Sunday, May 1, 2011

Visit to Amuka and the Making of Kaddish

Amuka, in northern Israel, is the gravesite of Rabbi Yonathan ben Uziel, one of the greatest students of Rabbi Hillel from 2000 years ago. I was there with three friends. An Ashkenazi, an Ethiopian, and Pincus, dressed in a dusty, black coat and kippah, covered with soot from head to foot and wreaking of pure kindness. He was a total tzaddik, or holy man, reminding me of Eliyahu ha Navi, the angel and prophet, frequently disguised as a beggar.

Except for us, the place was completely deserted. It was dusk, time for arvit or mincha, evening prayers, and my companions complained about being short six men for a minyan. We were only four and ten is the necessary quorum in our tradition. Pincus leapt upon a rock and began, “If you have faith, then we will have our minyan!” he exclaimed. "Emunah!" he cried. I looked up at the road leading to Amuka and saw a desolate site among the trees. There was nothing… nothing, only trees. Where this minyan was going to appear from was certainly a mystery to me. We went inside the small building there in the wilderness, which housed the tomb of the great sage and began our prayers.

Somewhere in the middle of what we were doing, I heard a noise outside and poked my head out the door. I saw a car gradually winding its way down the hill through the trees. When it got to the parking lot, completely empty except for our car of course, the doors opened and one by one, six guys piled out and headed our way. We were four, combined with their six, there was our minyan!

Pincus lost all control. He started jumping up and down and dancing, singing. He was the happiest man on the planet. “See? I told you to have faith!” Moments later, another car appeared with more men. And then another. Lots of minyans. In fact, by the end of all this, three busloads had shown up, full of people visiting Amuka, the women lighting candles, so many that it turned into a bonfire.

The acoustics sounded so good in that little stone building that I whipped out my trusty recorder and got the Ethiopian guy reciting Kaddish. It turned out to be the first of many sound samples I was to use in the track I ultimately called Kaddish. Eventually I was to gather many other samples of this prayer but this was the first and would be followed by Hungarians, Moroccans, Persians, Yemenites, the Sephardim from the Abu Hav synagogue in Tzfat, all recorded over a two-year period. Miraculously, when I assembled the recorded samples I was to use in the song, they were all in the same key, only one of them being off by mere semitones! What are the chances of that?

I spent a month in the studio, putting all the pieces together and adding caxixi (basket shaker), balalaika, beats, and more percussion from Tim Bolling.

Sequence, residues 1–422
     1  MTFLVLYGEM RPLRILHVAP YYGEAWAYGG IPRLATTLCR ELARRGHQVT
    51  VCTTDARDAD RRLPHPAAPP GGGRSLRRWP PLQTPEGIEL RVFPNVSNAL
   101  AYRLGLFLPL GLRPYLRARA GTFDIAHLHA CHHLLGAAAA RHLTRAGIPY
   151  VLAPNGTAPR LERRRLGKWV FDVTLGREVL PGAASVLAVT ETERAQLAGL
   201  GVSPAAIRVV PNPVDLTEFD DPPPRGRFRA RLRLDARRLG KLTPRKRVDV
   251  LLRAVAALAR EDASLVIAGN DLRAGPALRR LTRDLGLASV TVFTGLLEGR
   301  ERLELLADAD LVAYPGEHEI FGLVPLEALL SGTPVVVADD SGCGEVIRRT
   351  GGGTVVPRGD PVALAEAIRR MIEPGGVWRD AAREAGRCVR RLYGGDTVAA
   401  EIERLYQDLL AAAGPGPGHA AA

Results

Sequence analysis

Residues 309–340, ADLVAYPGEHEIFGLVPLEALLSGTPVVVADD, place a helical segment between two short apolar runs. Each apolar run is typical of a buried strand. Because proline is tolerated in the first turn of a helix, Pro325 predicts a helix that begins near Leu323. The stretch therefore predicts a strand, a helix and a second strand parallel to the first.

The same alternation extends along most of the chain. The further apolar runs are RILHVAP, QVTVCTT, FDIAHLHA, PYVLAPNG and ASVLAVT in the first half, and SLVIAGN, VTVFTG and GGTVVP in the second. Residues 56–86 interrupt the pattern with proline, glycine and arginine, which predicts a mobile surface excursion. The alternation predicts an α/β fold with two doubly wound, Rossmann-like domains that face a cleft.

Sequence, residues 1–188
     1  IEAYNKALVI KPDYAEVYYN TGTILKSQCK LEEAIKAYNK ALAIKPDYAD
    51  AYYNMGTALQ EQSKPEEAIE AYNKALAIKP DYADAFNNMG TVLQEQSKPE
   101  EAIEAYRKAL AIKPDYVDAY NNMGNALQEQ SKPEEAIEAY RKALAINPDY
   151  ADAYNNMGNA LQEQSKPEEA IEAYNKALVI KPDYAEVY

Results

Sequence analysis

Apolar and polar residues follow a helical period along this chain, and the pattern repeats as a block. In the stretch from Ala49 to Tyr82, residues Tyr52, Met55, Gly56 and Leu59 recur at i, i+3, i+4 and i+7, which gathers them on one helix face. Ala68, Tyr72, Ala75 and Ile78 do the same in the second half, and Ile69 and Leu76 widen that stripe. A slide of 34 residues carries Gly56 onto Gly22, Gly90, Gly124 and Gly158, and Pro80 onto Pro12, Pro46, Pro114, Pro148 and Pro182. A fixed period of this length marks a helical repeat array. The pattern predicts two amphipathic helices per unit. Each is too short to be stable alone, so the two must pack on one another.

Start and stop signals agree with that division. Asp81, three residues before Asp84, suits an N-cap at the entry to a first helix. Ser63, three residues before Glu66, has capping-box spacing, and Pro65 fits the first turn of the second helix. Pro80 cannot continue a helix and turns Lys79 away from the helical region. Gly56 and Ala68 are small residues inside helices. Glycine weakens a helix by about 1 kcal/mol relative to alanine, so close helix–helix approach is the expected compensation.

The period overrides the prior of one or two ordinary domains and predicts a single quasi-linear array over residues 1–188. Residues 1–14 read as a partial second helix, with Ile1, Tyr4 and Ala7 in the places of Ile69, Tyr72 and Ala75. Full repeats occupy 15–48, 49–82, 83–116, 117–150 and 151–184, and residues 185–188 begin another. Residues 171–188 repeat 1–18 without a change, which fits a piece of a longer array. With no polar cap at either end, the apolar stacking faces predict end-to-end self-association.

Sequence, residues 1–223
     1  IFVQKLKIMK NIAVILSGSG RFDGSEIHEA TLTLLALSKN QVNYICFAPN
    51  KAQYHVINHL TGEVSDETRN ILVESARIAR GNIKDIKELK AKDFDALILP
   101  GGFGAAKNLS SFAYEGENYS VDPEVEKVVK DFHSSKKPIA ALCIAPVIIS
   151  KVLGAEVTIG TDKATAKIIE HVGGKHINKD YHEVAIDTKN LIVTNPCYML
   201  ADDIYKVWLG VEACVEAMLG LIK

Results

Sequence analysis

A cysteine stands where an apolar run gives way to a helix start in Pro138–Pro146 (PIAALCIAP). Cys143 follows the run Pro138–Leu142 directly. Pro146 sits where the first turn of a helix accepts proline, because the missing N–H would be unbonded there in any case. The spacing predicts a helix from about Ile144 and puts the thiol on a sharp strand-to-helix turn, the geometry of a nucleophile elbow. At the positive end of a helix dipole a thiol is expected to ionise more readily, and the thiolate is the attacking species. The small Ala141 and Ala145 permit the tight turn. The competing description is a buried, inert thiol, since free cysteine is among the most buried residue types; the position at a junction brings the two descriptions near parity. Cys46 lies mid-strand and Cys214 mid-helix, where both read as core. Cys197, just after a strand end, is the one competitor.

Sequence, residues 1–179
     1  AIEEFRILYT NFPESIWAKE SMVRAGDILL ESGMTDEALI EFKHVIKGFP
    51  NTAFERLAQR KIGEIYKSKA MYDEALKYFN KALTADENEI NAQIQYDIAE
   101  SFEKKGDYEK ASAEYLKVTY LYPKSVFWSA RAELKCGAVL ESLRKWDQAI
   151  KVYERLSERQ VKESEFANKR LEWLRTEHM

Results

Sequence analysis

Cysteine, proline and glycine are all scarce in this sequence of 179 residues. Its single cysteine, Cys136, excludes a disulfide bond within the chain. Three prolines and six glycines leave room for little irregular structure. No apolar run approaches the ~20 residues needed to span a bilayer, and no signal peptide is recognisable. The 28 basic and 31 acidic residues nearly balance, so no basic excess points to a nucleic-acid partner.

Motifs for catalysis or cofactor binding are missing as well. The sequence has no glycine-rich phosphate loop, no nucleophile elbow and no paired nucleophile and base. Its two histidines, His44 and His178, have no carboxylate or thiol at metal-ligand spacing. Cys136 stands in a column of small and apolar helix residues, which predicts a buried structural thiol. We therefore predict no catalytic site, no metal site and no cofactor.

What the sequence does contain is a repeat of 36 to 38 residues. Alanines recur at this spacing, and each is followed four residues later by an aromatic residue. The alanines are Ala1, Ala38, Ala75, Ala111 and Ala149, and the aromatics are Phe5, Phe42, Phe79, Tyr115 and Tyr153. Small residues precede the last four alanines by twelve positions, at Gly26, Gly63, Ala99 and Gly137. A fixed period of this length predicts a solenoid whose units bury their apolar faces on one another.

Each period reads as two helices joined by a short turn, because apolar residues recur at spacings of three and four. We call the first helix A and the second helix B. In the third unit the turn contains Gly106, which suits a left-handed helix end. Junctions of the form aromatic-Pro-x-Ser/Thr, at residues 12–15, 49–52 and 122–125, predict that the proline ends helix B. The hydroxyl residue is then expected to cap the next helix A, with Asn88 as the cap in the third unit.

Kaddish is on the "Change The World With A Sound" album and is still one of my favorites. Listen to it here.


  1. I have had many inquiries about the song, "Kaddish." It is very powerful and often closes RebbeSoul concerts. It is also the first that ever incorporated recorded samples in our live performances. This is the story behind the making of the song.

    It started with a trip to Amuka, the burial site of R. Yonatan ben Uziel, the student of Hillel of 2000 years ago and holy rabbi who was so absorbed in his studies, he never took a wife. Toward the end of his life, he deeply regretted that he ignored something so important and promised to those who would visit his grave after died, that he would do whatever he could in "olam ha'ba," the world to come to advocate on their behalf that they find their soulmates.

  2. I had a very cool experience at Amuka. The year was 1985 and I was touring with Israel's leading all-woman band, Tofa'ah ( We had a concert booked as part of the Klezmer Festival in Tsfat. We traveled from Jerusalem, performed a great concert for an audience of all-women, as per the Halacha of "Kol Isha" and had a wonderful time in Tsfat. We were about seven women, all single at the time, and all looking for a good "shidduch" (match). We had heard about Amuka and about Rav Yonatan ben Uziel's promise to advocate for finding a soulmate. The women decided that on the way home to Jerusalem we would make a stop at the burial site.

    We piled into our rented van together with all our "gear" and asked the driver to take us to Amuka. He knew the site and also the way to get there - down a dirt path, through the trees and to the site that seemed to be in the middle of nowhere. The site was exactly as you describe it here in your blog, Bruce. There were are few people there praying when we arrived. We all got out of the van and each woman found her own private place to convene with G-D and also with Rav ben Uziel. Each had her own "siddur" and read or recited prayers and blessings too. When done, we piled back into the van and the driver took us home.

    Over the course of the next year, one by one, each woman had found a "soulmate" and by the end of the year each woman, including myself, had gotten married! Was it the trip to Amuka?

    Thanks for sharing this very cool place, and the stories about it, with us.

    Rahel / Vintage Gold Muse